A seasoned goalkeeper in between the sticks, Brendan Clarke’s gloves have grabbed many football trophies including winning one league title, two FAI Cups two EA Sport Cups and a Collingwood Cup as a manager.
Clarke is entrenched in the League of Ireland following successful spells at Sligo Rovers, St. Patrick’s Athletic and Limerick FC. Coming with 15 years experience, Clarke has played in front of the league’s terraces, in between the sticks across the league grounds and he has even been in the dugout when the Inchicore native guided Maynooth University to their first ever Collingwood Cup title back in 2014.
Reflecting recently on that win and on the competition in general, the 35-year-old ‘keeper gave praise to the tournament and the tactical awareness in Irish Universities premier footballing tournament.
“It was the first time Maynooth had won the Collingwood, and in the one hundredth year of the competition as well!” recalled Clarke who had then Saint’s teammate Ger O’Brien with him in the dugout, while his side was captained by future St. Patrick Athletic midfielder now Lilywhite Sean Hoare.
“It was something me and Ger thought we could go in and win given the squad we had assembled. We felt that if we put the right plans in place for different teams and execute game plans we could advance and do well, and we eventually got to the final.”
His side’s run with Maynooth University was helped by the partnership with St. Patrick’s Athletic. A university/club partnership deal has been prevalent in Irish football in recent years with similar deals between Cork City and UCC and Dundalk and DKIT.
This model, featuring scholarship programs and training opportunities to League of Ireland clubs, was a system that Clarke heaps praise on.
“It is a good link for League of Ireland clubs to have these links with universities,” said the goalkeeper who has been plying his trade most recently with Limerick.
“It is keeping young talent in the country and they are getting a good education. It is better than kids going across the water at fifteen sixteen and coming back with nothing. The amount of players that I have played with over the years who go across the water, come back and they are not even playing football now at any level.
“That is sad because they had all the talent in the world when they were younger. These link ups are important for keeping players in the country; they get their education in case that bad tackle comes, and playing under 19s with League of Ireland clubs hopefully will bring first team football.
"It is going to give them a better understanding of adult first team football before they go across the water.
“I think the mind set of League of Ireland football or even Irish football is that you are better off staying here, getting your education, doing your apprenticeship in the league and then you have a better chance of going across the water.
“Any kind of educational link up between clubs and universities that is the way forward. League of Ireland clubs, bar maybe Cork City and Shamrock Rovers have their own specific training ground. Like Cork using the Mardyke Arena, we at Limerick are based out in UL.
“These college and universities have all the resources and facilities in the world; like astro pitches which are great at this time of year and all the football pitches. It is great for league clubs to try and strike up that relationship with universities to use those facilities.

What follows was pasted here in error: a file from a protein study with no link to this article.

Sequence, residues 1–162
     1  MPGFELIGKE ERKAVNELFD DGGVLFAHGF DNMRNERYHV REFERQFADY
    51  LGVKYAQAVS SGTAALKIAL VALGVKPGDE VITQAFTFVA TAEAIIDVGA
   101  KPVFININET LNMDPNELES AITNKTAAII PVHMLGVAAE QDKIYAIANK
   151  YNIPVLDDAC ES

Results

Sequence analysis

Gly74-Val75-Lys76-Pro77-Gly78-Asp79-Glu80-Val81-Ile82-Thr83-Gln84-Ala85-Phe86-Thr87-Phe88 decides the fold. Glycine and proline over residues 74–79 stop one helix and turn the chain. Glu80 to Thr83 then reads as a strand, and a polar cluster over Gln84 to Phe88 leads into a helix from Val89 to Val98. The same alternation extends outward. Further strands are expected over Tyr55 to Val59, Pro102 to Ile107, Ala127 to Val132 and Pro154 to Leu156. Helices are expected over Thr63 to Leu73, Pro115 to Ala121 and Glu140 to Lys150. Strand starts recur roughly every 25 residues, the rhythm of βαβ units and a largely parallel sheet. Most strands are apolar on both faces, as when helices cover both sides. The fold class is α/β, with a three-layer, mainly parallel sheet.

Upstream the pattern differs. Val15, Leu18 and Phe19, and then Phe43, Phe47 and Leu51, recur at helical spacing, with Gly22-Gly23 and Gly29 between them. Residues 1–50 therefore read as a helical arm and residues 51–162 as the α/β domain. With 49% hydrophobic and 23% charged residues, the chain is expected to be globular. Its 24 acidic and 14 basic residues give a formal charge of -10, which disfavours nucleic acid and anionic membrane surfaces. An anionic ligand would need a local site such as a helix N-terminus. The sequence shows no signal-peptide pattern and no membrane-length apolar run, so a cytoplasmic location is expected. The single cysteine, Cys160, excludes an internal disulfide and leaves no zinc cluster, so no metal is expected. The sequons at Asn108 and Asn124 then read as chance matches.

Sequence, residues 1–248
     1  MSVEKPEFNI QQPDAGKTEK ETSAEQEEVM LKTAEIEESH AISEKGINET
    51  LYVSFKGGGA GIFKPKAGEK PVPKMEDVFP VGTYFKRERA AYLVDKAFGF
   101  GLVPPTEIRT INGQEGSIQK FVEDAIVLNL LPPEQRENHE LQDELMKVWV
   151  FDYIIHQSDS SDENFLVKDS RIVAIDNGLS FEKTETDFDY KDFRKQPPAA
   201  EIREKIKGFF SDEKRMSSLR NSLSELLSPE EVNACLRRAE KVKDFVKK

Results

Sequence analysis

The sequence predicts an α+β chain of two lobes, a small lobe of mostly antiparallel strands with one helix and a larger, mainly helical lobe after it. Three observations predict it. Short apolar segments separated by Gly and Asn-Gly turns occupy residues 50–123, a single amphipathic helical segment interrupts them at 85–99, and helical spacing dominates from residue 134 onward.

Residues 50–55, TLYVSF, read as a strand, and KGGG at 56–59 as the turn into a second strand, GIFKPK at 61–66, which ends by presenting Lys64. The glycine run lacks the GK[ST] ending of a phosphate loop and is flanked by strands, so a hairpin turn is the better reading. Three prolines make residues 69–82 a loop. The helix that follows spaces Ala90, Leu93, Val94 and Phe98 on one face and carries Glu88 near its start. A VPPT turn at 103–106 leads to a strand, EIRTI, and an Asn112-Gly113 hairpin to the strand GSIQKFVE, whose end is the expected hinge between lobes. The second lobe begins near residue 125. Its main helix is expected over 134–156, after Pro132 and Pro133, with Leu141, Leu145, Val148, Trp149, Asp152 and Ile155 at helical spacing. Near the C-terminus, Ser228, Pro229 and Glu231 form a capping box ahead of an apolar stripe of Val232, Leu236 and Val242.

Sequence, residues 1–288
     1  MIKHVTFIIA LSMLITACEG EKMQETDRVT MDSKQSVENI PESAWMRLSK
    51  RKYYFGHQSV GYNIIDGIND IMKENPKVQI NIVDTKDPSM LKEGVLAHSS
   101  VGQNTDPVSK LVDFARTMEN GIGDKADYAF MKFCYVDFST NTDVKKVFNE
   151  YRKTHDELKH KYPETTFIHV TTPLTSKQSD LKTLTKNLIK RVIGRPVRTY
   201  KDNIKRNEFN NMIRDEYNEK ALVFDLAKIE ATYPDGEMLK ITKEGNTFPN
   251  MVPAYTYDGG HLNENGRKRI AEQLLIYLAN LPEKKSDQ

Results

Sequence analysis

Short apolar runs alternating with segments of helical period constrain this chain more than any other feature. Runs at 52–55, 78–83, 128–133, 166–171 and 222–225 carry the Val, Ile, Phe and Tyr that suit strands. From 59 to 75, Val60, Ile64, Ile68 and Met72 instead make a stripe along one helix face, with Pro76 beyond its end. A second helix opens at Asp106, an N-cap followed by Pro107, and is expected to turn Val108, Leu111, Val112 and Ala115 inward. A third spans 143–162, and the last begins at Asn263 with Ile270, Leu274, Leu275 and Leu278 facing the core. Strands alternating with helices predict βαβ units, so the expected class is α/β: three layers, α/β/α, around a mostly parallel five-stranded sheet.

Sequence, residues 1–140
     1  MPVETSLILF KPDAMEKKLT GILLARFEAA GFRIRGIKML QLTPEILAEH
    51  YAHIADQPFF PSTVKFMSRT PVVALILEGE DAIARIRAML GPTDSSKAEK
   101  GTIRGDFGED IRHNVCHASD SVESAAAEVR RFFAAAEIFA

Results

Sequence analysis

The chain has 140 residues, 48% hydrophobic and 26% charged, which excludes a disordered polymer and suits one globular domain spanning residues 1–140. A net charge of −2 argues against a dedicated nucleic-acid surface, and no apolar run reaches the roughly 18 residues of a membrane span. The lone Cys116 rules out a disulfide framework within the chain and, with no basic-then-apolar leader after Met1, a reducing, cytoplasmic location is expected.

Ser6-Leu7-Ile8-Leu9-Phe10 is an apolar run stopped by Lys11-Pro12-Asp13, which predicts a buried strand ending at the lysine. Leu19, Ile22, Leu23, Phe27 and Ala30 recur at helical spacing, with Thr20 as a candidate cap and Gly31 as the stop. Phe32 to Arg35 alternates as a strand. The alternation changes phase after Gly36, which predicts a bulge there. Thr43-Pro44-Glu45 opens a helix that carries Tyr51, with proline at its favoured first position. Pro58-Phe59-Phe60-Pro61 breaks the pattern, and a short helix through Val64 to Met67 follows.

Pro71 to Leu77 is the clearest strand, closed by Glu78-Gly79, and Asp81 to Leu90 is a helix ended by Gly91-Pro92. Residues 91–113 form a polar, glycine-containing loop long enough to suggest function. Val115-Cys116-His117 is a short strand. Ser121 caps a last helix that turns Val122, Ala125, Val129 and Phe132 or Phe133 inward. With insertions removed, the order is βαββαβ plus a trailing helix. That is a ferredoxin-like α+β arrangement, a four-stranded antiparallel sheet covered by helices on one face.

“I can only speak from my own experience and with the facilities in UL you couldn’t ask for anything better. We have the 4G astro, all the strength and conditioning gear that you would need, grass pitches, the swimming pool, anything you need.
“There’s players as well here in college doing their degrees, and they are getting a great education as well as playing football. I think that this club’s and college’s partnership is a great way forward for clubs to keep players in the country.
“Look at Cork with UCC and Shelbourne now with DCU. There’s plenty of clubs that have link ups with universities. It is a clever and productive link up for League of Ireland clubs.”
Speaking from a managerial perspective, Clarke was enjoyed the Collingwood Cup allowing him to hone managerial skills and to get a taste of working in the dugout for the first time.
A model which has also been adapted between League of Ireland clubs and colleges. John Caulfield guided UCC to Collingwood Cup success in 2013 before signing for Cork City, and in 2016 Neal Horgan took charge of UCC’s Harding Cup side, and Stephen O’Donnell works with the DKIT team.
“We knocked out hosts UCD which was massive. In college football you only associate UCD with it! The time myself and Ger where there (with Maynooth) I don’t think UCD beat us, which was unheard of for UCD not to beat someone over two years.
“You know, we just had to put plans in place, like the minor details to win that game, and again we changed this when we played UCC. They’re a different outfit and we changed this to a different game plan.
“To be fair, the brains behind the operation was Ger, he was the one coming up with all these ideas and plans and introducing these and bouncing ideas with me.
"Thankfully we came up with a winning formula and with the lads we had who weren’t the most technically gifted group but we managed to get them together and make a team out of them.
“We all felt part of this group. They really bought in to what we were trying to do and how we wanted to play.
“It was easy for us to put plans in place, but it is the players who have to go out onto the pitch and preform them. They went out and did it well and it worked for us the whole way through.”
4 years on from helping @gerramia take Maynooth from nowhere to being the best footballing university in the country. An absolute fairytale dream that the players bought in to and believed could and eventually did happen. https://t.co/RdeSwz7jJc— Brendan Clarke (@BrenClarke1) February 5, 2018